23 Overconfidence Biases:  Illusory Optimism  Invulnerability Illusion

24 Framing Bias: 1.Complacency  7 of 9 mishaps involving C-130 aircraft 2.Expectations  USS Vincennes – gunboat skirmishes 3.Commercial Pilots  Keeping schedules vs. pre-flight checklist

25 Firefighters Are Human Too: “I knew I was in trouble. I thought about using my radio, but I thought, I found my way in; I can find my way out.” - Seattle Firefighter  Representativeness  Anchor and Adjustment  Illusory Optimism  Invulnerability Illusion

26 People Are Human Too:

27 Factors Affecting Decisions: 1.Risk perception 2.Stressors 3.Cognitive Biases 4.Emotions 5.Experience

28 Emotional Reactions: 1.Situations are felt to be Good or Bad 2.Denial 3.Anxiety  A generalized condition w/o direct trigger 4.Panic:  A sudden fear which dominates/replaces thinking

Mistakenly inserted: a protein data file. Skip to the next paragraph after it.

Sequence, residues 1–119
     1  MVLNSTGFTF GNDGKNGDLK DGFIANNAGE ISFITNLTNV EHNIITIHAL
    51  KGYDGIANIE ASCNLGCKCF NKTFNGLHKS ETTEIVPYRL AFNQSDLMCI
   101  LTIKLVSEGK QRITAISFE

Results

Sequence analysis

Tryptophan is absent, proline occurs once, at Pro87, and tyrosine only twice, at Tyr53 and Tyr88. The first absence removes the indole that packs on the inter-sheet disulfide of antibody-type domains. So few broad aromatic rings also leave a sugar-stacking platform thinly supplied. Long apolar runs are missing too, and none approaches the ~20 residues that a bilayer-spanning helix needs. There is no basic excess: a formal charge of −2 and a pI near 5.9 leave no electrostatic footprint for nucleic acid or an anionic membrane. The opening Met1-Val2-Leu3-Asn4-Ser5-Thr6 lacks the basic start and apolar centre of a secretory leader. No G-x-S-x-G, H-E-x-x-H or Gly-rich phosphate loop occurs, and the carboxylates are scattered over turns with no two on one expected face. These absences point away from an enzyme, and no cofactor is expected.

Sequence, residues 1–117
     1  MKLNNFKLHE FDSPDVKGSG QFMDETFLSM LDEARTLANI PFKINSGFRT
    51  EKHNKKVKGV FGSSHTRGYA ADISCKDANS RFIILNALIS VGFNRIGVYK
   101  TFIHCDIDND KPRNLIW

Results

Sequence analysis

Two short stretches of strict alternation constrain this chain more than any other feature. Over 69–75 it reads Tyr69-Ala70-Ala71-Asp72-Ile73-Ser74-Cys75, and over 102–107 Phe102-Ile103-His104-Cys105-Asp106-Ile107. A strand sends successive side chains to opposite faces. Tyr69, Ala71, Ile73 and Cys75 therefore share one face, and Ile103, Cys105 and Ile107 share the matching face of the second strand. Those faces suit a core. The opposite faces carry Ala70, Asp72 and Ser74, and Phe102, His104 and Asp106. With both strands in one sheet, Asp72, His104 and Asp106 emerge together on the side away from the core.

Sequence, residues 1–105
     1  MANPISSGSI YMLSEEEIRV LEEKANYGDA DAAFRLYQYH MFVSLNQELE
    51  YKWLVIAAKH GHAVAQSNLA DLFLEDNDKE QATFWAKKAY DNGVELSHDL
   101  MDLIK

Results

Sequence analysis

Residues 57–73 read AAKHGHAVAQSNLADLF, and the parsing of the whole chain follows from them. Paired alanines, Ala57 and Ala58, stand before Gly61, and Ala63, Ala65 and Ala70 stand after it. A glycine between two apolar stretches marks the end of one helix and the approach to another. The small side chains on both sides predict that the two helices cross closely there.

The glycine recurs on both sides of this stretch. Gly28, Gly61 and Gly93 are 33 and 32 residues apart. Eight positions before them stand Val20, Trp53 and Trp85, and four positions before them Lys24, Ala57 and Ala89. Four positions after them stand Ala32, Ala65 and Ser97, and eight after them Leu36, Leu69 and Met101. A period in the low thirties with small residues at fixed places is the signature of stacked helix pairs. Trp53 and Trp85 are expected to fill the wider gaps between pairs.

29 Physical Reactions: 1.Pupils dilate 2.Muscles tighten 3.Heart-rate/Breathing increases 4.Blood is shunted  Oxygen/Nutrients  Heat (Perspiration) “Fight or Flight” Response

30 Impairments: 1.Fine Motor Skills 2.Temporal Distortion 3.Memory Disruption 4.Channeled Attention

31 Emotional Reaction: MS Estonia “People lose their ability to make decisions. They turn into statues.” - Sherwood

32 Emotions: "I must not fear. Fear is the mind-killer." --- Frank Herbert, Dune

33 A Walk in the Woods Fear and the Amygdala: 1.Thalamic Pathway  The Low Road 2.Cortical Pathway  The High Road

34 Leach’s “Theory of ” 10% will react Rationally  Relatively Calm  Decision-making is sharp and focused  Able to prioritize, plan, and take action

35 Leach’s “Theory of ” 80% will be “Stunned and Bewildered”  Behavior is mechanical, reflexive  Reasoning is significantly impaired  Perceptual narrowing (tunnel vision)